The European Council and Euro Summit meetings of December 10-11 concluded without reference to the subject of EU Enlargement since the earlier General Affairs Council meeting on December 8 reached no consensus on moving the process forward. December is always a busy time and multiple higher priority issues absorbed much of the Council’s attention this year. Accordingly, the situation in regard to Enlargement remains where it was frozen in November.
With Germany’s Council Presidency, which had prioritized Enlargement, set to end in a few weeks, Albania and North Macedonia face the prospect of an extended waiting period until serious work can resume under Portugal’s Council Presidency with a major summit set for March 2021. For Southeastern Europe, the question of launching the accession process via the so-called “intergovernmental conferences” remains relatively urgent. Fortunately, in July 2021 Slovenia will assume the Council Presidency, guaranteeing regional issues will again become a central focus if Portugal does not succeed.
Time will tell when political conditions and election schedules permit a resolution of the Bulgaria-North Macedonia dispute over the two countries’ languages and histories which should open the way for the required intergovernmental conference. It remains unclear as well whether decisions will be taken to allow Albania to launch its accession process through an intergovernmental conference before North Macedonia receives the green light. Curiously, we have seen no indication of any American intervention in the Bulgaria-North Macedonia dispute, which many observers would find unusual; expect this to change after January.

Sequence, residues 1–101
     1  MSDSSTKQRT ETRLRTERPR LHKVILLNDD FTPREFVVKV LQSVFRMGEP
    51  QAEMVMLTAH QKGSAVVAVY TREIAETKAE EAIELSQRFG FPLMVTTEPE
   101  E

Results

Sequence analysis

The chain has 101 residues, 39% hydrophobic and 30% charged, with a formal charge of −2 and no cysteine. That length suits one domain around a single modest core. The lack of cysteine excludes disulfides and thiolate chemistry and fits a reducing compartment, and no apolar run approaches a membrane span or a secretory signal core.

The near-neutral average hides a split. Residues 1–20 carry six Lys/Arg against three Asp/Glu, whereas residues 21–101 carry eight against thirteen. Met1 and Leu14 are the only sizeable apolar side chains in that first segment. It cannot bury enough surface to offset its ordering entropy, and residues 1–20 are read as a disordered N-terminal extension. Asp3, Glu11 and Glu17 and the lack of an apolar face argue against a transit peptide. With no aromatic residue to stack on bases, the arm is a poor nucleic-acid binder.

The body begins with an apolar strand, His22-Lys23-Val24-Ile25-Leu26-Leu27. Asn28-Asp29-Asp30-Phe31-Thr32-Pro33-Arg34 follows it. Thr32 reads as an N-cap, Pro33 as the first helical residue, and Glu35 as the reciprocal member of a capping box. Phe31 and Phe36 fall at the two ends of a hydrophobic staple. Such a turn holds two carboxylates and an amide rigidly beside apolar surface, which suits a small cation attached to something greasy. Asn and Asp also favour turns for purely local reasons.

The final months of 2020 supplied interested readers with a substantial deluge of anti-Bulgarian messaging, mostly in the form of op-eds generated by NGOs involved in the Enlargement business and their associated media outlets. On occasion, an important personage has been drafted to sign one of these documents, which all seem to share the common theme that innocent and democratic North Macedonia, the perfect Balkan neighbor, is the victim of unprovoked Bulgarian bullying. There is no reason to expect this onslaught will drop off until a solution that allows the Enlargement process to move forward is found.
Bulgarian government entities, especially those close to the EU in Brussels, should focus on controlling and possibly even restricting the EU funds that are being supplied to a number of those “Bulgaria-bashing” NGOs across Southeastern Europe and also to constrain certain supposedly free media outlets receiving EU financial support. While relatively mild, the kind of name-calling found in many of the articles and letters circulated recently is certainly not what EU taxpayers intend for their EU contributions.